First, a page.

The CAPS Trio and How They Compare


FCAS, MWS, and NOMID all fall under CAPS with mutations in the same gene and share some overlapping symptoms.  However, each has unique distinctions  and there can also can be a high degree of variability of symptoms and severity even between patients who fall under the same category. Here are some of the ways that these three conditions compare.

Source: Parents


Familial cold autoinflammatory syndrome typically involves a periods (usually around 24 hours) of a fever, rash and joint pain after exposure to cold temperatures and occasionally muscle pain or conjunctivitis. It is common for FCAS to be symptomatic at birth or within the child’s first six months. Check out Patient Worthy’s article You Know You Have FCAS When… for more on FCAS.

Source: The Telegraph



Muckle-Wells Syndrome also often involves fever, rash and joint and eye inflammation but fatigue is typically more frequent than fever and exposure to cold temperatures is not often a trigger for attacks. Another distinction between FCAS and MWS is the prevalence of deafness; according to Pediatric Rheumatology International Trials Organisation or PRINTO,  it occurs in about 70% of MWS patients.  A serious condition experienced by about 25% of MWFS patients in adulthood is the deposition of the inflammatory protein, amyloid, which can impair renal function.

Source: NIAMS


Chronic Infantile Neurologic Cutaneous Articular syndrome or  Neonatal Onset Multi-systemic Inflammatory Disease is the most severe CAPS condition. It typically presents itself with a rash in early infancy. Similarly to MWS, fatigue is typically a symptom more frequently than fevers. Joint and bone inflammation can, in mild cases result in swelling, and in severe cases result in the overgrowth of cartilage(overgrowth arthropathy), which often tend to occur in early childhood.  As stated by PRINTO, “Abnormalities of the central nervous system (CNS) are present in almost all patients and are caused by chronic aseptic meningitis (non-infectious inflammation of the membrane surrounding the brain and spinal cord).” This, in turn, results to increased intracranial pressure which can cause headaches and even, in the most severe cases, epilepsy or cognitive impairment.  Perceptive deafness is fairly common.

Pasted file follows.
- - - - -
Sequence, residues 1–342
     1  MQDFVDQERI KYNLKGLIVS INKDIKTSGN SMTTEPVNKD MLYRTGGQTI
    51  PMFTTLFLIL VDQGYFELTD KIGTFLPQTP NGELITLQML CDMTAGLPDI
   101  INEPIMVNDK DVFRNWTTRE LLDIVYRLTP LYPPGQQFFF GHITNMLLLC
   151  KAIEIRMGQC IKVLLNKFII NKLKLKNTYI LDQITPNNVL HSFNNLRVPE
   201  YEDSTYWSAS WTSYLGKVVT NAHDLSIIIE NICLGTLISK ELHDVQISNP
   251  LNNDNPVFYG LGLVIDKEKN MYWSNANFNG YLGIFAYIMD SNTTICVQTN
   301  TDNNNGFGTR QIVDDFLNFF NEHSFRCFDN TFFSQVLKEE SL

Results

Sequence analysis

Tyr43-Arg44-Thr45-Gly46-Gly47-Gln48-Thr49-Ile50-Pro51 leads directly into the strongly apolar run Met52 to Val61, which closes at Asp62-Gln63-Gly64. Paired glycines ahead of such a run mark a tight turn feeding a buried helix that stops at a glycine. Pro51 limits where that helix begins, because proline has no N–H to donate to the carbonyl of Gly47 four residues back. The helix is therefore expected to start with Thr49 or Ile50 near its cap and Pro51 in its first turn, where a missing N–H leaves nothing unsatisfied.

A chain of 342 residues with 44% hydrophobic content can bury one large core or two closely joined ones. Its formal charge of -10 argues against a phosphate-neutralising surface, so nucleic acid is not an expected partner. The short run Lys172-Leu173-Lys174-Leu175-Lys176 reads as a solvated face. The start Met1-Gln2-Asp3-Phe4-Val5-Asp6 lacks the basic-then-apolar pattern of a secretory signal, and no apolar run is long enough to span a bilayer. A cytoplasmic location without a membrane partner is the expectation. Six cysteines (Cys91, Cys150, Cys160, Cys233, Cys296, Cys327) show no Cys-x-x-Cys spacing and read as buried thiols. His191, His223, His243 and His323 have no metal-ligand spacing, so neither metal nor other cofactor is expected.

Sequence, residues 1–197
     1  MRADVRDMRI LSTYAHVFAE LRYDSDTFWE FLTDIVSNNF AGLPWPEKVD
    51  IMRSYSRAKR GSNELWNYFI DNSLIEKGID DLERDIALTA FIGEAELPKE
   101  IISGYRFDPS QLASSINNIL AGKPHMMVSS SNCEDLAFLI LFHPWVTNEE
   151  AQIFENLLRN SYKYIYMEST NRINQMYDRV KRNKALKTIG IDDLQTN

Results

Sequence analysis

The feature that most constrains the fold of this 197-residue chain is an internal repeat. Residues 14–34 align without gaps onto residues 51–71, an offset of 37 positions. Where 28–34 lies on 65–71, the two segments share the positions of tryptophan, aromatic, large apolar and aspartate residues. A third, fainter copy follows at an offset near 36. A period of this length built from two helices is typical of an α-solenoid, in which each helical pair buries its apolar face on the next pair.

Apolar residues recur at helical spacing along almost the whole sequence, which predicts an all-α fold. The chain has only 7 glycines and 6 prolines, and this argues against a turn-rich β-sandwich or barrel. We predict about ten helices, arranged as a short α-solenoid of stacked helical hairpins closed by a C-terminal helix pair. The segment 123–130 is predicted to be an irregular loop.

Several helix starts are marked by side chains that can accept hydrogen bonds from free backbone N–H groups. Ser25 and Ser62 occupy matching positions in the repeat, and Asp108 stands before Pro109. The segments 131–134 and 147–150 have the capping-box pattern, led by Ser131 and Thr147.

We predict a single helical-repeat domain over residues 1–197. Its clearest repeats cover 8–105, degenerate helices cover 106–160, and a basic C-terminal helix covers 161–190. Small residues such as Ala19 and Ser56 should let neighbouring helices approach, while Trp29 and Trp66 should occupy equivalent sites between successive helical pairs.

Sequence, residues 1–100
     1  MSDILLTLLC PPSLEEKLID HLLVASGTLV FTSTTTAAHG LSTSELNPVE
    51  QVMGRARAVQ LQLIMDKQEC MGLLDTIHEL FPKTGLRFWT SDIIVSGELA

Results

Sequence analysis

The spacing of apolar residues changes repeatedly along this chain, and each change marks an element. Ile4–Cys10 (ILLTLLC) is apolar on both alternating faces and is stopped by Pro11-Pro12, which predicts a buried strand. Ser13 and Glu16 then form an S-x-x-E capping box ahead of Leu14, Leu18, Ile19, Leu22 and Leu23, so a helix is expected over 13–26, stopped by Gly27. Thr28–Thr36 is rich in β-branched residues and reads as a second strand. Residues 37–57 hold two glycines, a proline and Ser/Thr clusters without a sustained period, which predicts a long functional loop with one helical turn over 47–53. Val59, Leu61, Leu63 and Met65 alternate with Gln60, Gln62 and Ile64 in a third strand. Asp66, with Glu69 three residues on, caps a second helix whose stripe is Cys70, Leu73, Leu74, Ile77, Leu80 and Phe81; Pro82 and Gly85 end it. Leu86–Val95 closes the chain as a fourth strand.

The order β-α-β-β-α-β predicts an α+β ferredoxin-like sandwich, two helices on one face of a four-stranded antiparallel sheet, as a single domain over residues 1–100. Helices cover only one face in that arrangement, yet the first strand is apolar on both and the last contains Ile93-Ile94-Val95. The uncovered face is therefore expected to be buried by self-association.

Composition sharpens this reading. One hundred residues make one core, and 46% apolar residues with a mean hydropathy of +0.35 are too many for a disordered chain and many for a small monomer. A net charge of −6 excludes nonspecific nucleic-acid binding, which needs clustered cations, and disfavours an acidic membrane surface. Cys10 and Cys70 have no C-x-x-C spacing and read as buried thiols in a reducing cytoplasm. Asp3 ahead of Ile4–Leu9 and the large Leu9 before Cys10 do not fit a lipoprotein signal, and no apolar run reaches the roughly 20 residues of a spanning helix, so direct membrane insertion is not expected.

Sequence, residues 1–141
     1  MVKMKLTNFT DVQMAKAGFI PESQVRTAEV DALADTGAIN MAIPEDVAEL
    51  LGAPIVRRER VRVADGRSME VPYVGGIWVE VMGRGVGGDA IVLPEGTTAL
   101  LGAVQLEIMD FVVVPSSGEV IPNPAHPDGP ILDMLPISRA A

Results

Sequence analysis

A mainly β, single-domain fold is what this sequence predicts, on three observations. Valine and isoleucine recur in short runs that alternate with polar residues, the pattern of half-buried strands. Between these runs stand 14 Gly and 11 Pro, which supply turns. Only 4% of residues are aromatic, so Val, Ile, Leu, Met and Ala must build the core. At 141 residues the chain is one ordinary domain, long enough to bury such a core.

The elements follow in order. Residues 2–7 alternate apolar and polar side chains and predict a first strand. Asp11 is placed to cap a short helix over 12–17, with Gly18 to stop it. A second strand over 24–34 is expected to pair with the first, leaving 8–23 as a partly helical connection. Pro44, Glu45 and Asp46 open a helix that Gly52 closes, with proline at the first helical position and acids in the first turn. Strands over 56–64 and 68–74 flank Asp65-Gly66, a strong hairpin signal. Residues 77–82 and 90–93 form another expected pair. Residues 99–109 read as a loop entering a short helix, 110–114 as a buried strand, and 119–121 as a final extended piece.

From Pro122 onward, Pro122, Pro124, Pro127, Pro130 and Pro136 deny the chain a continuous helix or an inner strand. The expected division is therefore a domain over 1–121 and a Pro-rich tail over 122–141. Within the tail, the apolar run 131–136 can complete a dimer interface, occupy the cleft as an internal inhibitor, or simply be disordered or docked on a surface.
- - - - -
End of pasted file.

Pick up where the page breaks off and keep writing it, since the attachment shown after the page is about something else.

Read more on CAPS here.

Featured image sourced from The Stir

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